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Authors: Colin Dexter

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BOOK: Last Seen Wearing
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   He walked back to his desk slowly, like a man in a dreamlike daze, and read the last spring term report once more: French, and Applied Science and Technology . . .
   Suddenly the hair on his flesh stood erect. He felt a curious constriction in his throat, and a long shiver passed icily down his spine. He reached for the phone and his hand shook as he dialled the number.

CHAPTER FORTY-TWO

I came fairly to kill him honestly.
(Beaumont and Fletcher,
The Little French Lawyer)
V
ALERIE TAYLOR UNSCREWED
the latest tube of skin-lotion—her sixth prescription. The last time she'd been to the doctor he'd asked rather pointedly if she were worried about anything; and perhaps she was. But not to
that
extent. She'd never worried overmuch about anything, really: just wanted to live in the present and enjoy herself . . . Carefully she smeared some of the white cream over the ugly spots. How she prayed they would go! Over a month now—and still they persisted, horribly. She'd tried almost everything, including those face-mask things: in fact she had been wearing one of them when Chief Inspector Morse had called. Mm. She thought of Morse. Bit old, perhaps, but then she'd always felt attracted to the older men. Not that David was old. Quite young, really, and he'd been awfully nice to her, but . . .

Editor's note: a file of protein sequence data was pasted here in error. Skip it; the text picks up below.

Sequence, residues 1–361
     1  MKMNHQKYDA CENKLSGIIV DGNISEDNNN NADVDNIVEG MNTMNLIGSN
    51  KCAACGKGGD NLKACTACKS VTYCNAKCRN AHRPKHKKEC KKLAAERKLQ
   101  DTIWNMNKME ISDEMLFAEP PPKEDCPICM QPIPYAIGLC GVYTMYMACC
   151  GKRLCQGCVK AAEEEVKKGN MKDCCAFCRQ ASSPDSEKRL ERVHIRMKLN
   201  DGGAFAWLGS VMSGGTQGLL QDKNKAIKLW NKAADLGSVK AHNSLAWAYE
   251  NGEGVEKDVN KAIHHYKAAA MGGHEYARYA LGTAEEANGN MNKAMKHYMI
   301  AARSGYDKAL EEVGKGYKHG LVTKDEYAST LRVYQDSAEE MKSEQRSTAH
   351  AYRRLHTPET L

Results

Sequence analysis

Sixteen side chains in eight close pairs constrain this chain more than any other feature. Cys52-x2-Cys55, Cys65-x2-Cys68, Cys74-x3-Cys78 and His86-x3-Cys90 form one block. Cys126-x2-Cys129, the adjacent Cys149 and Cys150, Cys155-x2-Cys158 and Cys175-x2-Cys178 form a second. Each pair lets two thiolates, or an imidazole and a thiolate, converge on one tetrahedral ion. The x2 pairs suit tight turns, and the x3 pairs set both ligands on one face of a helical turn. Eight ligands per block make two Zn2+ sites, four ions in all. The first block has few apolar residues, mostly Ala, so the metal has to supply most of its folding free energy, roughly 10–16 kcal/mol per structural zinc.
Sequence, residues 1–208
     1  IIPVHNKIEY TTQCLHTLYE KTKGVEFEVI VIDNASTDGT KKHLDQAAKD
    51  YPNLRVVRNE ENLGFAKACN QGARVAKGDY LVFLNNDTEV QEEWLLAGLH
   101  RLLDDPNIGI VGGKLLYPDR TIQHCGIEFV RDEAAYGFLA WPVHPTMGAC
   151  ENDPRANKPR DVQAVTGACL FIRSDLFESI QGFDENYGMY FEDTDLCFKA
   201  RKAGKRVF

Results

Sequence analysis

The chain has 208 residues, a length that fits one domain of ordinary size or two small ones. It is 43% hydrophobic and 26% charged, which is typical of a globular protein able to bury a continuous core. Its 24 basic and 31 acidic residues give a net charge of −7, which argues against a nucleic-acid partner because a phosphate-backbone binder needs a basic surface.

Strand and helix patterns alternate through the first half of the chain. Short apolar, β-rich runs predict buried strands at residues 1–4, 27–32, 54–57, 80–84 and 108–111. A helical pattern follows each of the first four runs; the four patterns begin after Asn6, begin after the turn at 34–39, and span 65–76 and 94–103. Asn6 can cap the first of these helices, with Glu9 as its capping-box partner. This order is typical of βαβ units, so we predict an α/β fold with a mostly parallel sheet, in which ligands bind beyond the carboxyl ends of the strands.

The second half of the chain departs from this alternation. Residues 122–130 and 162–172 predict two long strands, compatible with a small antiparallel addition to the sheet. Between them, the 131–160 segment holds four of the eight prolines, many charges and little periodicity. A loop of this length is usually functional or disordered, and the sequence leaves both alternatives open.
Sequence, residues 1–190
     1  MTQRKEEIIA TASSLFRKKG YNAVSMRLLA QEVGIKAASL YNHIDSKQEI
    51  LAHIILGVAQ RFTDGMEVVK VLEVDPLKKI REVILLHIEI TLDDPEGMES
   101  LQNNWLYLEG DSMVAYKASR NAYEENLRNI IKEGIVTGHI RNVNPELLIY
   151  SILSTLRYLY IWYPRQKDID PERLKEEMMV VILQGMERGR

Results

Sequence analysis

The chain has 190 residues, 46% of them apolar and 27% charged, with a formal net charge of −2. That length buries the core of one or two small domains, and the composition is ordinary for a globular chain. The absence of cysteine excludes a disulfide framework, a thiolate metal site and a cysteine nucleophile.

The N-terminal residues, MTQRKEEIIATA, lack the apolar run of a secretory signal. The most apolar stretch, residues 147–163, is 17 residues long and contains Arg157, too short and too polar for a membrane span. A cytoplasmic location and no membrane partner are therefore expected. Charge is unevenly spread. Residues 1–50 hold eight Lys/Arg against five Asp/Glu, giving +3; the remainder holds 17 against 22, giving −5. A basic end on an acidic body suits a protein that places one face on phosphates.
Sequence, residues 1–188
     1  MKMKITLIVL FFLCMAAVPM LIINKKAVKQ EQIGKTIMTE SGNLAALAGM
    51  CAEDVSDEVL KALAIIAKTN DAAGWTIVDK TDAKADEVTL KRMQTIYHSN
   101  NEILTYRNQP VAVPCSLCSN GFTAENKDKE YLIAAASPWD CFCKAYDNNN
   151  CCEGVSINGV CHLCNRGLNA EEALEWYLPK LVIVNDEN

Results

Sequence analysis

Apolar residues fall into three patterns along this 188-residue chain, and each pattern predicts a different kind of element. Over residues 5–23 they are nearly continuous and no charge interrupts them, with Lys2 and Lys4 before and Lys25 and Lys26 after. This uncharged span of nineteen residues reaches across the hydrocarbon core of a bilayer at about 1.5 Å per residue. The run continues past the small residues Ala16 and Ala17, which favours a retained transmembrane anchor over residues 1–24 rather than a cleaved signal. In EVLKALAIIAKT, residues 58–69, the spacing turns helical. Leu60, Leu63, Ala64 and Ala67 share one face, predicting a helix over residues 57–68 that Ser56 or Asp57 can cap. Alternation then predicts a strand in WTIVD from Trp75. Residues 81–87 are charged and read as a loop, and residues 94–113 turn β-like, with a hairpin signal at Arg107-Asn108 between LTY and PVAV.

Morse's face, when she'd answered him in French! She smiled at the recollection. Phew! What a bit of luck that had been! Just as well she'd been with David on those two trips to France with his sixth-formers, although she'd probably have been all right anyway. It had taken a fair bit of cajoling oil David's part, but as it turned out she'd really enjoyed her two years in the French Conversation Class at Caernarfon Tech. At the very least it was a chance to get out once a week, and it got so boring being on her own in the house all day. Nothing to do; nothing much to do if she
did
get out more. Not that she blamed David, but . . .